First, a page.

Ruscha Gets Juicy

Splashy and bright, Ed Ruscha’s Made in California conjures a tall glass of orange juice and the storied citrus orchards so integral to Golden State mythology. Published in 1971 by Grunwald Graphic Arts Foundation at the University of California, Los Angeles, and printed by Cirrus Editions, this juicy work cheekily references both its own creation and the commercial tropes that weave through Ruscha’s career.

Created to commemorate the 1971 exhibition Made in California at UCLA’s Dickson Art Center, Ruscha’s Made in California was printed during an especially prolific time for the young artist. Fresh off a stay in London, and, before that, a two-month fellowship with Tamarind Lithography Workshop, Ruscha was coming into his own both as a skilled printmaker and decidedly Californian artist. Like so many of his text paintings and prints, Made in California embodies the artist’s creative concerns with an uncanny economy — in this case, the technical possibilities of printmaking, contradictions in surfaces (like liquids, actual or imitated, on paper), fluidity of text and image, commercial culture/advertising, and the ethos and lore of California as apex of the American West.

“The words function in these prints as found objects,” Siri Engeberg writes for the catalog raisonné Edward Ruscha: Editions 1959-1999, “made more palpable by the letterforms’ trompe l’oeil rendering, which creates a sense of their having been spelled from spilled liquids…” At the time Made in California was made, Ruscha had prior experimented with such substances as Pepto Bismol, tomato paste, chutney, perfume, and even his own blood. And while Made in California contains no actual orange juice, Ruscha employed his skill as an “extraordinary colorist” to closely approximate the precise color.

Perfectly in line with the print’s bold declaration of origin is Ruscha’s choice of printer — having met and worked with Jean Milant during his time at Tamarind, Ruscha again partnered with the printmaker but this time at his newly established Cirrus Editions and Gallery. “Unlike other workshops in the Los Angeles area,” Engeberg notes, “Cirrus made it a priority from the outset to print and publish editions with California artists.” As such, Made in California maintains a special sort of pedigree — and may even emerge as an ur or meta- Ruscha, an overarching reference to the artist himself as well as the myriad California subjects that comprise his work, from Route 66 and Sun-Maid raisins to some Los Angeles apartments and the Hollywood sign.

Ed Ruscha

Ed Ruscha is known for his detached, cool gaze over the American landscape, its vernacular and built environments. He is a leading voice in contemporary art, consistently subverting the aesthetic and conceptual conventions of photography and painting, as well as the mythic narratives surrounding American culture.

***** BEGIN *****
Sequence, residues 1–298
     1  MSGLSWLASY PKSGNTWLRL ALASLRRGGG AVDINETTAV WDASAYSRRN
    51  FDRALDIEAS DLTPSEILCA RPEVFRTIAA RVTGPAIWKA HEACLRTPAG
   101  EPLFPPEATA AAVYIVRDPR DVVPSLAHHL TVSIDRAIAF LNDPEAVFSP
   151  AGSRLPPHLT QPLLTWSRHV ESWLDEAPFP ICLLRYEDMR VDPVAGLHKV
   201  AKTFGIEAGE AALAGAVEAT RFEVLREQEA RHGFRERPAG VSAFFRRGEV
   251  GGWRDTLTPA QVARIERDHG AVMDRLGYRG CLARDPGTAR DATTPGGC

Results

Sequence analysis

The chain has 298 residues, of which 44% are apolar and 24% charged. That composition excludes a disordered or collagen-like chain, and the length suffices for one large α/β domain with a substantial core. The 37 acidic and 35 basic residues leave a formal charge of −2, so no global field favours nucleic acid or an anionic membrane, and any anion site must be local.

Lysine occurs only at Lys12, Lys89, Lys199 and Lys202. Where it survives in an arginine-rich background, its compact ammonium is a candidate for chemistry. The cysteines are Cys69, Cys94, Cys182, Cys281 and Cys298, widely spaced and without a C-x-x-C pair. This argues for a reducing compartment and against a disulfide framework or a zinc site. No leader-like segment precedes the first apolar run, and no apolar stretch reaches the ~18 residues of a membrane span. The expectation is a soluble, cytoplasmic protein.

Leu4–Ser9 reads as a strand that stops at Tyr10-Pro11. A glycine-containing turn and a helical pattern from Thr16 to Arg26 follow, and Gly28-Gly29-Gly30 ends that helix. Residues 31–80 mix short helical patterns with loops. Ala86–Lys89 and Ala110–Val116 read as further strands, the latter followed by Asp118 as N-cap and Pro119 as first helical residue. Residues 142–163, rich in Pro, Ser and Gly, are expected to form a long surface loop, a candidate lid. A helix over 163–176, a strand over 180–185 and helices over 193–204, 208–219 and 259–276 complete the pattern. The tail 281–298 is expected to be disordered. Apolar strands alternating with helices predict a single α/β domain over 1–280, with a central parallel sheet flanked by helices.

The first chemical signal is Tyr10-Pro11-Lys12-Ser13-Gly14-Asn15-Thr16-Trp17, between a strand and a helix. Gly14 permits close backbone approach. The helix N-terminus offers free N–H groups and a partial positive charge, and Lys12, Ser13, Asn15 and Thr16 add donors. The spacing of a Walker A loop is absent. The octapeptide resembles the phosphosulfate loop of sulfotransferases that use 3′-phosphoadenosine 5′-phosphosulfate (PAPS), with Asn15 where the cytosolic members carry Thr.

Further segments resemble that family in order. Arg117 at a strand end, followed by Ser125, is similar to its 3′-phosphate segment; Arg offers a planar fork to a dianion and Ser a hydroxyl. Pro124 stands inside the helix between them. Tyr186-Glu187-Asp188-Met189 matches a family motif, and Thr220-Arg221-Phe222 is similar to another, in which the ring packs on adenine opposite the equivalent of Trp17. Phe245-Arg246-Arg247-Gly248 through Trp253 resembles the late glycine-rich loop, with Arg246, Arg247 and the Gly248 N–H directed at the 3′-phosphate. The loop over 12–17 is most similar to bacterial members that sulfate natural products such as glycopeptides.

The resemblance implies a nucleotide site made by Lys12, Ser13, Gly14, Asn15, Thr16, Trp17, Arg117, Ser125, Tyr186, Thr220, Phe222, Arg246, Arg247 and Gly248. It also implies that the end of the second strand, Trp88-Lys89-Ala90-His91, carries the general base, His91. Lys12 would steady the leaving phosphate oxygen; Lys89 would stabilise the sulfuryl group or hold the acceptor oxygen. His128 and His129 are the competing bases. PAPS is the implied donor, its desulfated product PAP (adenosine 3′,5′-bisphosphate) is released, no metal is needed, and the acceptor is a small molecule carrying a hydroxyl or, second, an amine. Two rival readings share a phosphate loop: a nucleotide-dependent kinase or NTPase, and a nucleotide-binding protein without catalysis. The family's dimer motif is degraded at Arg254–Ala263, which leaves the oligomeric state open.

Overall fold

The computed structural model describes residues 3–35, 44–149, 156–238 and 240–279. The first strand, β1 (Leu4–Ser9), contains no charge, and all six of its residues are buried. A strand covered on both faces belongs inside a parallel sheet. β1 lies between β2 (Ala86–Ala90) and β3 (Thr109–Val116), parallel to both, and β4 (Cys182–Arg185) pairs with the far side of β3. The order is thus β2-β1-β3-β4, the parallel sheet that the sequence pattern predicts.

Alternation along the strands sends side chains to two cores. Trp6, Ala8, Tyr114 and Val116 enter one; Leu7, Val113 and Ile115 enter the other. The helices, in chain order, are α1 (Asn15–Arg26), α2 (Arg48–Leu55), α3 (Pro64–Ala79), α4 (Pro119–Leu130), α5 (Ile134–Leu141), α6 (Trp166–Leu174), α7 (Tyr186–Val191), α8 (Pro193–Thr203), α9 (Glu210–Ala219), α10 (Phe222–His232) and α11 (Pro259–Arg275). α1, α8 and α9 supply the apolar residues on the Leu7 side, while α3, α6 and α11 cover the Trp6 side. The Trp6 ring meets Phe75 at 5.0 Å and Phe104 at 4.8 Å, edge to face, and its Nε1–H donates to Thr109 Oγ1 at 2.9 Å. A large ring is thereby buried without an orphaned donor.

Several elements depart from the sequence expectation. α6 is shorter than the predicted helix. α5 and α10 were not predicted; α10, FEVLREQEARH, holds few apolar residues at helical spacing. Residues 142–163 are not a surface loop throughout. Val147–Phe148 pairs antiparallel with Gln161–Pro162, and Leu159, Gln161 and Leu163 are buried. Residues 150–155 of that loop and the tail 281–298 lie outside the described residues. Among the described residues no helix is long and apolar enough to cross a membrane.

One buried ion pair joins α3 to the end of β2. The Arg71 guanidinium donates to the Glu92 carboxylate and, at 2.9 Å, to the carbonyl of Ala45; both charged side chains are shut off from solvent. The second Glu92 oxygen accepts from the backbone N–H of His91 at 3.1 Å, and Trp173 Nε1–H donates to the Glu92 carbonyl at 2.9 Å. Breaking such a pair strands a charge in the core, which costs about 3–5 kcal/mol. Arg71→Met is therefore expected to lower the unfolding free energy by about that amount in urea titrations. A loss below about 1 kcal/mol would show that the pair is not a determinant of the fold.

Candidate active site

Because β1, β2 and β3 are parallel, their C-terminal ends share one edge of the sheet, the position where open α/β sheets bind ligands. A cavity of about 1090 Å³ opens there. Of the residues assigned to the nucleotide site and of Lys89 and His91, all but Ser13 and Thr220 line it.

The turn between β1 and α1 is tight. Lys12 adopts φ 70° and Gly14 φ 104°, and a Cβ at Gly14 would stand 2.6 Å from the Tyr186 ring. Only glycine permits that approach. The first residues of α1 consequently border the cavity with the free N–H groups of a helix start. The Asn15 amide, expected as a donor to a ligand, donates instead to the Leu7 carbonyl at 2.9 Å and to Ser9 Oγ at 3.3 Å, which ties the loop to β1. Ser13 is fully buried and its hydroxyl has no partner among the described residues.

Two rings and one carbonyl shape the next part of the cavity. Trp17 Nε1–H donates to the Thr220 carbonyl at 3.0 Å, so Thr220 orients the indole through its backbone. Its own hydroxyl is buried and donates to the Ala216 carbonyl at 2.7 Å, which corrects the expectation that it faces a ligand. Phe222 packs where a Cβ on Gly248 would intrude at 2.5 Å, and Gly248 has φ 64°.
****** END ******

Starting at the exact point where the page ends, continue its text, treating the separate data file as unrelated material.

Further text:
Ed Ruscha was born in Omaha, Nebraska in 1937 and grew up in Oklahoma City. He moved to Los Angeles in 1956 to attend what is now the California Institute of the Arts. Upon graduating in 1960, Ruscha began working in commercial advertising, putting him in contact with relationships between image and text and the language of consumerism and popular culture. Ruscha’s early drawings and paintings bucked against the prevailing trend of abstract expressionism, depicting wry, irreverent takes on the banality of the urban landscape. In 1962, Ruscha was included in New Painting of Common Objects at the Pasadena Art Museum, a show considered the first museum exhibition of Pop Art that included works by Andy Warhol, Roy Lichtenstein and Wayne Thiebaud.

In 1963, the year Ruscha’s now-famous artist book Twentysix Gasoline Stations was published, he received his first solo show at Ferus Gallery in Los Angeles. Ruscha made sixteen artist books in the 1960s and 1970s, most of them comprised of photography taken in an antagonistically plain, documentary style, covering subjects such as swimming pools, parking lots and Every Building on the Sunset Strip (1966). In his photography and painting, Ruscha does not attempt to idealize his subjects, but rather stares deadpan at the ordinary objects and spaces that exist on the periphery of the experience of our surroundings. Ruscha is also celebrated for his approach to language, which is often amusing, incongruous and common, exploring the multiplicity of words and turning them into solid objects to be contemplated and played with.

Ruscha’s first major retrospective was in 1982 at the San Francisco Museum of Modern Art. The cover of the catalog featured a drawing he had made in 1979, with the text: “I don’t want no retro spective.” Ruscha continues to reside in his adopted city of Los Angeles, actively creating work that speaks to our rapidly changing contemporary landscape, the way we use language and our conception of the American ethos.

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